Beta This part of GOV.UK is being rebuilt – find out what this means

HMRC internal manual

Construction Industry Scheme Reform Manual

From
HM Revenue & Customs
Updated
, see all updates

The Scheme: construction operations: industrial plant

CISR14600 Action guide contents
   

FA04/S74 (2)(b) says that the following operations are within the scope of the Construction Industry Scheme

  • ‘construction, alteration, repair, extension … of any works forming … part of the land, including … industrial plant’

This provision relates to industrial plant founded directly on the land rather than located in a building. The plant referred to includes

  • petrochemical installations
  • chemical plant
  • external conveyer systems
  • storage tanks
  • silos
  • pylons
  • cranes or derricks
  • pumps
  • sewage farms
  • water filtration plants
  • mining winding gear.

Often there is no clear division between what can be considered to be ‘works forming part of the land’ (FA04/S74(2)(b)) on the one hand or ‘structures’ (FA04/S74 (2)(a)) on the other. The effect of these provisions, in combination with the other provisions of Section 74, is to bring within the Scheme all construction forming a normal part of the building and civil engineering industries.

CIS legislation does not seek to define ‘industrial plant’ but mentions it as an example of ‘work forming part of the land’ to which the Scheme applies. The purpose of citing it is to indicate that, if you are considering an installation founded on the land and which, by common understanding, is industrial plant, it is ‘works forming part of the land’ and its construction is caught by CIS.

It is not crucial whether an installation under consideration is strictly ‘industrial plant’ as defined in the construction or any other industry or, indeed, in the Taxes Acts. The important question is - does the installation being considered fall within the description ‘works forming part of the land’? If the answer is ‘Yes’ that is sufficient to bring the operation within the scope of the Scheme. If the installation happens to fulfil an industrial purpose you might reasonably conclude that it is ‘industrial plant’ but that is incidental.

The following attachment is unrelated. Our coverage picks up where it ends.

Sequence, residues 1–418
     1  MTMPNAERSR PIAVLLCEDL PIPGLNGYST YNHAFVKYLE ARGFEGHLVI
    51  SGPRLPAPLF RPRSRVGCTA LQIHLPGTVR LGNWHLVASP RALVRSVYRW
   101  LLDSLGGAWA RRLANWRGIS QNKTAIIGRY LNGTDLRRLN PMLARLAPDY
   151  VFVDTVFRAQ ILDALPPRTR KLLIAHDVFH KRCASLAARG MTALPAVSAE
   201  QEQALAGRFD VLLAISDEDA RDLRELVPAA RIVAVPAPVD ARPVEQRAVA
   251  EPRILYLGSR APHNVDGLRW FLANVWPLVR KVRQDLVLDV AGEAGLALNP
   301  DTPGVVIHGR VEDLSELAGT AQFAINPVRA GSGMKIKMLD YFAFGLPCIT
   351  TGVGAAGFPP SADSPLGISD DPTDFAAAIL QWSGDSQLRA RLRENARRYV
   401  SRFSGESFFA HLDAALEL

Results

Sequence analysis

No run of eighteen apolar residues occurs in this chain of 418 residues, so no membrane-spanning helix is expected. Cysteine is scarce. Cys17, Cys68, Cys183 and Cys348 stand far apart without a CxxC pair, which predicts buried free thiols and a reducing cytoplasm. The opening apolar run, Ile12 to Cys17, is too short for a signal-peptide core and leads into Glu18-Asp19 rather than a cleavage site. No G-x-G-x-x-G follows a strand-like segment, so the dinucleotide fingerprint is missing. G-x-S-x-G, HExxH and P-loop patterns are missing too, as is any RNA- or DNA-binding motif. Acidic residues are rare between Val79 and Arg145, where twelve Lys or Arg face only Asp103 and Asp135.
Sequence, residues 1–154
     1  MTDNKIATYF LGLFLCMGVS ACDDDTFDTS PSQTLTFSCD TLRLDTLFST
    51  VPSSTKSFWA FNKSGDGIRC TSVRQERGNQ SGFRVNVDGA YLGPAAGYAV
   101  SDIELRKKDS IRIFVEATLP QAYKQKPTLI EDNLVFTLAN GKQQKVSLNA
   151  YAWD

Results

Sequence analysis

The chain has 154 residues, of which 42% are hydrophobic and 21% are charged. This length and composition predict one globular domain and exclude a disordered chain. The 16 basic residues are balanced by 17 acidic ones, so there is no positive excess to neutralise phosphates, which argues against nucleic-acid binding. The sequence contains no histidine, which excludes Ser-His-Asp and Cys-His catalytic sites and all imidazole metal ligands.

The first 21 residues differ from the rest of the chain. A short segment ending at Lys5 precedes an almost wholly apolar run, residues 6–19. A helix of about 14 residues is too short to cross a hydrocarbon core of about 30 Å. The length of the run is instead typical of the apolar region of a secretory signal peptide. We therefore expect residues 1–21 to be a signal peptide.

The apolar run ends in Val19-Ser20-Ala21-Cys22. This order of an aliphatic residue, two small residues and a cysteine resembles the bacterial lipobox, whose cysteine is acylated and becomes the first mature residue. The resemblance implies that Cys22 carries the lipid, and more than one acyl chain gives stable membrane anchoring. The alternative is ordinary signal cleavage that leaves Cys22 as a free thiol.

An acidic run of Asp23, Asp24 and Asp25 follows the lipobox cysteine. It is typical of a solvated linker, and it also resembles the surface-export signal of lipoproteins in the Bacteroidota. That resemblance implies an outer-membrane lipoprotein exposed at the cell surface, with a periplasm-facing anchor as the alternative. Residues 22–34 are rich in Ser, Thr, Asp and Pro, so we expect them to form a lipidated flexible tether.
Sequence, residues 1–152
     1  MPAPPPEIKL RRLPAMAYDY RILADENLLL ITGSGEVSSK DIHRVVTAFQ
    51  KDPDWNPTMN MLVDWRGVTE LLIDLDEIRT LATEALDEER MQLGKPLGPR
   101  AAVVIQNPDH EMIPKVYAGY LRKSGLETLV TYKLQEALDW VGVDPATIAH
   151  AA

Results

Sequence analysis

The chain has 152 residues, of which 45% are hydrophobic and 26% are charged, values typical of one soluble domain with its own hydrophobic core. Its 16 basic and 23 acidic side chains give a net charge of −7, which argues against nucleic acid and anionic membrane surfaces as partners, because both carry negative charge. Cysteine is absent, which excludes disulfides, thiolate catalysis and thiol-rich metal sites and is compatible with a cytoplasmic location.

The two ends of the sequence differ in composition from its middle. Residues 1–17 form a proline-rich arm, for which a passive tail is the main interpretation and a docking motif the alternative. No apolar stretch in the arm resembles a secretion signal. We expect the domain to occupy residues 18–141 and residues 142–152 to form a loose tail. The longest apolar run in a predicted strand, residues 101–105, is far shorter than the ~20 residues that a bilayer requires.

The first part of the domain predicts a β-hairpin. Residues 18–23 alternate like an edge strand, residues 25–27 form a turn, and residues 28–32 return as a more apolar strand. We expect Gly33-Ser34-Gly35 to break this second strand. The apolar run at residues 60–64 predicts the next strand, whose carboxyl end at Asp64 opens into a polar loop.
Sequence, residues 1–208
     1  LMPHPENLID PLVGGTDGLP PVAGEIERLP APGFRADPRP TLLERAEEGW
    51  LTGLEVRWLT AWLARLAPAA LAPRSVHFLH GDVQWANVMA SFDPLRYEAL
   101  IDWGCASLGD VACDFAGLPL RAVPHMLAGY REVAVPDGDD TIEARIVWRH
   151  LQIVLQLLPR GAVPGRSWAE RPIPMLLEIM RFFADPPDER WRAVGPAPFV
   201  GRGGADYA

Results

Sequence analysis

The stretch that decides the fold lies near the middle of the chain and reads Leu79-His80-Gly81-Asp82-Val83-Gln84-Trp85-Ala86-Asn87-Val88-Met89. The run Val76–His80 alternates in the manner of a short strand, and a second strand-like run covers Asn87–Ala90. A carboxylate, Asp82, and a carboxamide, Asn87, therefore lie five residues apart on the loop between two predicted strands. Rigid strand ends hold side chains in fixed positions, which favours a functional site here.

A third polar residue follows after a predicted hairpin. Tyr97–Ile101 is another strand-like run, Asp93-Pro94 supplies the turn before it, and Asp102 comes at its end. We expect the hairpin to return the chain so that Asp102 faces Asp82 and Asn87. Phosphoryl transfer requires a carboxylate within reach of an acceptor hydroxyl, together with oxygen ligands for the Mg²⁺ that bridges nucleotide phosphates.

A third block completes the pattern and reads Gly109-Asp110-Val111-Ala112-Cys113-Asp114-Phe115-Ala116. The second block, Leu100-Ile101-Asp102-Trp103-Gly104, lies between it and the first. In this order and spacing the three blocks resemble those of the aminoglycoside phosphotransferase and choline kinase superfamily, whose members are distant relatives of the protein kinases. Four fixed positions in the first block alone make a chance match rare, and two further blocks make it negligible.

Externally located industrial plant

As regards the repair of externally located industrial plant, this refers to structural repair only, for example, patching of a chemical retort or replacing a section of pipe-work. In contrast the repair or replacement of mechanical components, for example, work on valves in pumps, is not within the Scheme.

Industrial plant installed in buildings

The reference to industrial plant in FA04/S74 (2)(b) relates to industrial plant founded directly on the land as described above, that is, externally located plant. In contrast, the installation of industrial plant in buildings is, in certain circumstances, viewed as either

  • the ‘alteration … extension … of buildings or structures’ (FA04/S74 (2)(a))

or

  • operations which form an integral part of, or are for rendering complete, such construction operations, namely those required to accommodate the equipment (FA04/S74 (2)(f)).

Industrial plant installed in buildings can range from heavy machinery closely integrated into the structure of a building designed to accommodate it, to light duty tools only superficially secured to the shop floor.

In deciding whether a project involving the installation of such industrial plant is within the scope of CIS, you should consider;

  • how substantial is the plant physically? It may be one large item of machinery, or possibly several smaller items for which the building has to be adapted.
  • how complex is it structurally, that is, is it simply bolted to the floor or does it derive more substantial support from the building structure by being secured to the walls or ceiling/roof such that it can be seen as part of the building?
  • how closely is it integrated into the building structure, that is, is it an element within a complex system involving material flows using conveyers or pipe-work connecting parts of a production line?

If the answer to any of these questions is ‘Yes’ it is likely that the installation is within the scope of CIS.

The following paragraphs set out examples based on these considerations.

Within CIS

Installation of

  • lifts
  • industrial hoists
  • gantries
  • materials processing plant connected by a complex of conveyors or pipe-work secured to the building fabric
  • electronic storage and/or retrieval systems built in or secured to the fabric of a building or structure
  • factory rail systems for transporting materials or goods
  • under-floor guidance systems for robotic vehicles
  • electricity generators (system of power supply)
  • distributed compressed air supplies
  • vehicle-washing systems
  • tanks and silos
  • industrial furnaces (but not free-standing furnaces such as small muffle furnaces)
  • paint spray booths.

Excluded from CIS

  • repair of internally located plant and machinery
  • installation of separate machine tools such as lathes, milling machines and other production machinery only superficially attached to the fabric by being screwed or bolted to the factory floor
  • installation of light-duty or moveable conveyer systems.